Originally Posted by videoquest
Ok. Tried the calibrated settings above and they werent great either. Whites were yellow and overall the colors just didnt look right. Maybe its me or my set. I will say the settings near 195 worked the best in cinema mode. The APS mode actually isnt that bad either.
Out of the box my LGPJ350 wasn't bad, but it wasn't really good either.
After a month of so of letting the phosphors burn during normal usage and watching, I calibrated the greyscale using an inexpensive colorimeter (an Eye One Display LT, a/k/a i1 LT) and the free HCFR software with a netbook. You can't calibrate a display without some kind of calibration hardware, as our eyes adapt easily and are unreliable for calibrating to a standard.
You have to choose the Expert setting in order to get to the CMS controls to set your greyscale. See the calibration forum at AVS for information on what greyscale is and why it is important. I chose the twenty-point method rather than the two-point method. It takes a couple of hours or more to do it correctly, and that's just for a first run. I waited a few days and ran through it again, fine tuning my adjustments. My colorimeter's red sensors tend to read too low, resulting in a pinkish/reddish tint to everything when calibrating using the HCFR software.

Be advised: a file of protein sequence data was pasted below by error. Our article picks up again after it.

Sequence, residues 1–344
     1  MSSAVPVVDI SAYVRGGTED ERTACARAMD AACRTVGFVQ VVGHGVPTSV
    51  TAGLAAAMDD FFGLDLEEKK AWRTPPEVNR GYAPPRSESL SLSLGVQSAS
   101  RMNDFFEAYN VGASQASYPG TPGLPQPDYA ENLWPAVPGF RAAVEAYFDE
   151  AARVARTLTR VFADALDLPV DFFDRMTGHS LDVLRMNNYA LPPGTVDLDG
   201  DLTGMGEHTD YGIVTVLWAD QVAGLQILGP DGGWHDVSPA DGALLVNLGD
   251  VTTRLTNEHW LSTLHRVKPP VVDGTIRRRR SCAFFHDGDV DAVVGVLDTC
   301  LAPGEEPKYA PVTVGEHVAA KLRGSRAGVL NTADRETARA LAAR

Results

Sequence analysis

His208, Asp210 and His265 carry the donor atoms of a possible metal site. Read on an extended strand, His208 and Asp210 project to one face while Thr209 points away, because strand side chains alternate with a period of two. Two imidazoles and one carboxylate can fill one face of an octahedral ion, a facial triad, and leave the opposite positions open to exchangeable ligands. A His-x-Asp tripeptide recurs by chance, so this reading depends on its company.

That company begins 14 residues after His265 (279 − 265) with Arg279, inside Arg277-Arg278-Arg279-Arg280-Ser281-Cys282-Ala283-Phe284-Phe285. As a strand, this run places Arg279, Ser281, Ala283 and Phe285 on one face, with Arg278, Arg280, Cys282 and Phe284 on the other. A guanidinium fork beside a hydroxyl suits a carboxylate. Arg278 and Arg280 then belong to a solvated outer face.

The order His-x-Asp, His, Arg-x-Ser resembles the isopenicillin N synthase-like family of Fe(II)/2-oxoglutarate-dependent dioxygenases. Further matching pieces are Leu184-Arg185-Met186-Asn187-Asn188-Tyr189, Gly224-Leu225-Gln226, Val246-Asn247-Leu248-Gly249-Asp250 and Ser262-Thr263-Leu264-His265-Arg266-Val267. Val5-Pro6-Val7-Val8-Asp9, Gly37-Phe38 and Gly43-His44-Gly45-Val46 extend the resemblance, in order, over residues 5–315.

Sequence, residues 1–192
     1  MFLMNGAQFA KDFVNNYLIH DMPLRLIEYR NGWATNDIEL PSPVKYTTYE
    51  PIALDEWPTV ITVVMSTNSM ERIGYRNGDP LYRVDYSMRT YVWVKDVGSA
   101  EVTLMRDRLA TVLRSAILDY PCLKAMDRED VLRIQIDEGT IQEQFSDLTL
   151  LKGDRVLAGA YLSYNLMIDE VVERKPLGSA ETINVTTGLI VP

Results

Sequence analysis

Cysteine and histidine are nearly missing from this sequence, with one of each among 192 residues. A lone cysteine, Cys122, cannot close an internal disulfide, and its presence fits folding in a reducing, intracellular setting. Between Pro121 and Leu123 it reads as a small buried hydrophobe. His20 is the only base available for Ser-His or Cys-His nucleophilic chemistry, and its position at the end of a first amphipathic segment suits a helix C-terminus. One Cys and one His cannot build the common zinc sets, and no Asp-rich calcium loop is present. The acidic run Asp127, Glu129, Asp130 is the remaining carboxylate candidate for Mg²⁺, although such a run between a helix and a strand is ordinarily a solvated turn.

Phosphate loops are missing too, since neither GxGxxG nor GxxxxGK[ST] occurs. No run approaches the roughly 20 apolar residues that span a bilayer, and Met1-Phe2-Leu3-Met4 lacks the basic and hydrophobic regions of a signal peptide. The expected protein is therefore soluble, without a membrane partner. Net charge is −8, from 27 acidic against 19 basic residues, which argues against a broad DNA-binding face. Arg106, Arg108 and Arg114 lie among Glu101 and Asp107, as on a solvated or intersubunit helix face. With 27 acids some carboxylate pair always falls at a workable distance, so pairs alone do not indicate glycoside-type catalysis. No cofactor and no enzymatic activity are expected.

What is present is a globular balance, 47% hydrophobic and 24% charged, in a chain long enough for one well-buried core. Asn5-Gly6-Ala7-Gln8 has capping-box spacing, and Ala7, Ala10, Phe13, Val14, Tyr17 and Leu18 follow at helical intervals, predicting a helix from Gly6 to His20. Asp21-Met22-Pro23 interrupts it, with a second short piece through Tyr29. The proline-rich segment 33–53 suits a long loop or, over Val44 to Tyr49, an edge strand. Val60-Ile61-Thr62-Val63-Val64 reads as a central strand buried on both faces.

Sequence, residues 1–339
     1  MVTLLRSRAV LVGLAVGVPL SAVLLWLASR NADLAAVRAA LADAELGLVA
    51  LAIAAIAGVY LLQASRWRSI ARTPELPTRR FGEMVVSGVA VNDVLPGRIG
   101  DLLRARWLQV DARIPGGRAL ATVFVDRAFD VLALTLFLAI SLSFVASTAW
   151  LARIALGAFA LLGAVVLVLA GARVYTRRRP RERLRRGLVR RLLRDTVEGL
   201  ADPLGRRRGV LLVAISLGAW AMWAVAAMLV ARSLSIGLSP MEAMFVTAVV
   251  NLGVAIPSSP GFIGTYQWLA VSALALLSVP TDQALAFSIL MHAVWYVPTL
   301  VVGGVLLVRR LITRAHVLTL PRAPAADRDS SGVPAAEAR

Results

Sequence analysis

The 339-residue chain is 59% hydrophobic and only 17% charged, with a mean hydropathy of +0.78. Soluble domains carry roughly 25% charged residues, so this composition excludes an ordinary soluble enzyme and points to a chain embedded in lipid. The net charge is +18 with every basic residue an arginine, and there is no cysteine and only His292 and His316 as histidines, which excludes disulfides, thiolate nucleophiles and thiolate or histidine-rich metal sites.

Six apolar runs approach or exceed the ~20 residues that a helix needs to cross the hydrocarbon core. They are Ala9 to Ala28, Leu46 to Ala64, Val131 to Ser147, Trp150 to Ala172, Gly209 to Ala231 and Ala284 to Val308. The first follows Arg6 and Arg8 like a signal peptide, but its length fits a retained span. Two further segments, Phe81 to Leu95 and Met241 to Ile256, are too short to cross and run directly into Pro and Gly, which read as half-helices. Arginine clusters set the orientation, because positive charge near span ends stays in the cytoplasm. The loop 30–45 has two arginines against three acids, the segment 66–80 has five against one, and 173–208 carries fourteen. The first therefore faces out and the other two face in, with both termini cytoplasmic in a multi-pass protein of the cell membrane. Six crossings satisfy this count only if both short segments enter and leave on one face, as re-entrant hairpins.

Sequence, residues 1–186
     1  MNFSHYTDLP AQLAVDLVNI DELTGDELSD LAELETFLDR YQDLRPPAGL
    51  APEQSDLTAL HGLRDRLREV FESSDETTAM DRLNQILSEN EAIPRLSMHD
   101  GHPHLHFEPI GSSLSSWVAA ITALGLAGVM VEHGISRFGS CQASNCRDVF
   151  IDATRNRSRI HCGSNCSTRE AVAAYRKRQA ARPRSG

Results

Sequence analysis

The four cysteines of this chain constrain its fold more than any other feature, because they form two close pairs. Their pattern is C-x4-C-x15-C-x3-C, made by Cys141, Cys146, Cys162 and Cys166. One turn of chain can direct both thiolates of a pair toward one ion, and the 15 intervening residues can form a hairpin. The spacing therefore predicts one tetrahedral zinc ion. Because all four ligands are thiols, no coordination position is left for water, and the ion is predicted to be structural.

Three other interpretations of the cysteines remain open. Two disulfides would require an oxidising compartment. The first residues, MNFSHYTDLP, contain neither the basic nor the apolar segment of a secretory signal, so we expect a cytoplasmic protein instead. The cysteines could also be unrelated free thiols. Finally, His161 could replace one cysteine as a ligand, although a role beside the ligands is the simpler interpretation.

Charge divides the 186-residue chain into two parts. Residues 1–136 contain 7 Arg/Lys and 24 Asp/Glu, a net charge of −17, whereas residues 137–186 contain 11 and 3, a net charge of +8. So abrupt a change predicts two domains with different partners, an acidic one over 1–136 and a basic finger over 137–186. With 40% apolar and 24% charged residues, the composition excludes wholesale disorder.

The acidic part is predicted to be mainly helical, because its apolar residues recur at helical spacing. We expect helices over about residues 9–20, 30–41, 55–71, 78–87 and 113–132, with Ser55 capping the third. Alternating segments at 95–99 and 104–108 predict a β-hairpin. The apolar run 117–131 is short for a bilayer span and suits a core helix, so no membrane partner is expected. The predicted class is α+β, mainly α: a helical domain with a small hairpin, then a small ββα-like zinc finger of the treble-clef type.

My deltaEs were under 3 for every IRE level above 30, except for 40, which has a weird red deficiency, but this is still a very good result. Gamma is 2.25, which is very good. Because of the pinkish cast, I had to make my own offset using a sort of Kentucky windage. That is to say I didn't use a calculator or spreadsheet; I estimated my red readings as being about 5% off, and adjusted the red levels lower accordingly, and correspondingly I bumped up the blue levels slightly in the same places. I left green alone. This rather unscientific approach has largely corrected my pinkish cast at all IRE levels, so I think it has balanced out quite nicely.
What's the end result? The greyscale looks very neutral at all IRE levels, resulting in outstanding shadow detail and black levels. I can post a detailed list of my own settings later, but keep in mind that calibrating a display requires doing it on your own TV, in your own setting, with your own lighting conditions. Even the color of your surrounding walls and furnishings can affect the result.
For now, I can tell you that in very low light conditions my basic settings are as follows:
I suspect those with Brightness levels way below 50 are getting severe black crush. With my contrast setting at 77, I'm reading about 32-34 ftL of light on a 100% IRE window, which is within the target 30-40 ftL you want on a plasma TV. I set my brightness by multiplying .0065 by the Y level at 100%. That gave me the target Y level when I displayed a 10% IRE window. The 56-57 level was almost dead on the target.
I haven't adjusted the individual saturation or tint settings for the primary or secondary colors yet. That will probably come next after another iteration of my greyscale settings. For now, I'm very pleased with the vastly improved shadow detail and black levels and neutrality of whites I've achieved.
If you want to get the most out of your plasma, you might look into getting a cheap colorimeter and monkeying around with it. It truly makes a big difference once you figure out what you're doing. Either that, or pay an ISF or THX certified calibrator to come do it for you. Everything else is just guessing. Good luck.